Friday, February 25, 2011

The good bug

RIP GuoGuo. We inherited you along with the fishtank, one goldfish, one blue beta, and two orange bubs. Unlike the fish, you lived in a tiny bamboo cage with a water dish half the size of a short thimble. You disliked cabbage, loved spinach and rice, and hated getting wet. So I kept the water tepid and slow when I washed your cage.

Your first owners, the Swansons couldn't take you back to America. They used to take you out and let you survey your world from the edge of a computer screen. You liked the hum and warmth and chirped cheerfully. But I was less skilled at retrieving you and kept you inside the cage close by the radiator where you satisfied your curiosity in hanging upside down or stretching out your spindly legs through the thin bars where maybe they felt the breeze of our breath has we read Aesop's Fables and poems from Robert Frost. You ate your breakfast while the girls did math and I got lost in the movements of your mandibles.

Your iridescent green began to change, day by day as the temperature outside dropped farther and farther below freezing. Your chirps would miss a beat, become hoarse, or forgetful. Last week, your armored green blackened like old spinach leaves dried and withered and one day I found you praying. Your body barely stood and attention but your head was down and flat - prostrated on the bottom of your bamboo cage. So still you prayed I thought you died. You no longer climbed the cage in frantic bursts of energy when I rinsed it out. You let the water run under you. You moved in slow scuffles like the old man on his way to the morning market. You did not eat. Your strong legs began to buckle and finally, you did not chirp but once in the day before you died.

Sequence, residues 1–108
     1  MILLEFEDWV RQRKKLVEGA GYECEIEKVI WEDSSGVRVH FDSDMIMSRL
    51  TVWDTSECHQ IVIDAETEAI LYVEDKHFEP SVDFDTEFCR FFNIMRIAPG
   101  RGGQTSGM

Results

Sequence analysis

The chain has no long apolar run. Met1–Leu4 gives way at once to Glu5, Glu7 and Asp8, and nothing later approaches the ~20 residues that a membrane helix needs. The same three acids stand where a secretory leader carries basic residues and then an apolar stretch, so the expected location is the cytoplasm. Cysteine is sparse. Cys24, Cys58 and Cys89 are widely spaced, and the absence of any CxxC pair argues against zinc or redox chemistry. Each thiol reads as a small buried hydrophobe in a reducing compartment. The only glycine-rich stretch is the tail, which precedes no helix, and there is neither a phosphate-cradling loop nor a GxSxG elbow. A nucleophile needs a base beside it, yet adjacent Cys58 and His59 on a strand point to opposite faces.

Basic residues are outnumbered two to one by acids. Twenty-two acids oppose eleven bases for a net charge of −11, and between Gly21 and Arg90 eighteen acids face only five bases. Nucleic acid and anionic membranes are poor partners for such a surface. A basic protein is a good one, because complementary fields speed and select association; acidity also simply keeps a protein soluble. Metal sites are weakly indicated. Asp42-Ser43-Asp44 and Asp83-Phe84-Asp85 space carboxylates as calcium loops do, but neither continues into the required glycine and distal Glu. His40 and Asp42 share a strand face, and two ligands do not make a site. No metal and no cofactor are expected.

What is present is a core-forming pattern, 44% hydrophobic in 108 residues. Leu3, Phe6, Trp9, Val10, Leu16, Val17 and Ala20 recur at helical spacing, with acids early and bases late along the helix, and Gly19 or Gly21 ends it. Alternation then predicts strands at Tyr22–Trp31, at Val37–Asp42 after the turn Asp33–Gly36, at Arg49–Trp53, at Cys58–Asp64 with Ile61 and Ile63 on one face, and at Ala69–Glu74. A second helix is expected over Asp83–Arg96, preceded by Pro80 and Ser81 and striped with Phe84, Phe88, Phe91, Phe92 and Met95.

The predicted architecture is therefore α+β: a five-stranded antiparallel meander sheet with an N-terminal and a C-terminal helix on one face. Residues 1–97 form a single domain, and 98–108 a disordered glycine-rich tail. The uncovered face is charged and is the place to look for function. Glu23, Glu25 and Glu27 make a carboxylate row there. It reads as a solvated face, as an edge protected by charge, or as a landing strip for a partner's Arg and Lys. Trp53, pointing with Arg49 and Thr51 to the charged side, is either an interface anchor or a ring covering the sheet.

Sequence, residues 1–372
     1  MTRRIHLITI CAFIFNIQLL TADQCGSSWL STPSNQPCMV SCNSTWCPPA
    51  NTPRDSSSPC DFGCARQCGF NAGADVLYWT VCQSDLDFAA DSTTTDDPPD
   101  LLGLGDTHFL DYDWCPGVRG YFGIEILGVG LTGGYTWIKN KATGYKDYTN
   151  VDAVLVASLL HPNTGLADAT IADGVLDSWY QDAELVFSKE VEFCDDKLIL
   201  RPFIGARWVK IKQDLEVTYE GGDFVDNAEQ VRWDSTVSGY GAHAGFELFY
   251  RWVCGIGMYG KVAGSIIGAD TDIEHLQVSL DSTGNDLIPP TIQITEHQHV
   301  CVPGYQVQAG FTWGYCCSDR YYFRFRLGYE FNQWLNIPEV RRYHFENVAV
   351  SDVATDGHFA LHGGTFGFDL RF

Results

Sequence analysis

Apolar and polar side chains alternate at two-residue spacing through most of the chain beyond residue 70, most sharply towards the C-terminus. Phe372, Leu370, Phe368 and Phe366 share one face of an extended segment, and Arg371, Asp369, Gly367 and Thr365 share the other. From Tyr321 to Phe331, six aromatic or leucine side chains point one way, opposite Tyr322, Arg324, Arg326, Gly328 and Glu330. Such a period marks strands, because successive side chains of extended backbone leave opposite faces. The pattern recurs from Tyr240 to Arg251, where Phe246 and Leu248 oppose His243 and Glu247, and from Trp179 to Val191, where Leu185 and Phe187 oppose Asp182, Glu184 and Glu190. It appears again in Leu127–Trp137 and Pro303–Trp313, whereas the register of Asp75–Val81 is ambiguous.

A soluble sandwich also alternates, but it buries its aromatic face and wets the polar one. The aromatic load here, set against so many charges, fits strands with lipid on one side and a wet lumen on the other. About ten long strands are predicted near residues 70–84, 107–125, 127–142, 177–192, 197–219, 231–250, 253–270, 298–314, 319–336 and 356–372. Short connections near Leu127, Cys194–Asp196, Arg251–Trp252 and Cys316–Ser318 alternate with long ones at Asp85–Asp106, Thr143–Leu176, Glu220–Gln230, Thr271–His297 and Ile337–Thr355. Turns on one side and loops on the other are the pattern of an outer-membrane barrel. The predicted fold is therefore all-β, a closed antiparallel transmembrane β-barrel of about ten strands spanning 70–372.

"Mom's bug died," the girls told their dad when he came home for dinner. They buried him beneath the rose bushes with his thimble-sized water dish. That night, even my husband missed the ritual act of placing him by the window to keep him quiet. And lest you laugh at a eulogy for a bug, may I remind you of your childhood?
Where were you when Jiminy Cricket, the conscience of Pinocchio, faithfully brought the puppet home? Or when Chester the cricket was in Time's Square? Did you not witness Cri-kee, loyal friend of Mulan? That God said everything that creeps on the ground is good? Or did you not know, as Charles Dickens did in "Cricket on the Hearth" that "to find a cricket on the hearth is the luckiest thing of all?"

1 comment:

Darin Swanson said...

He lived a good life!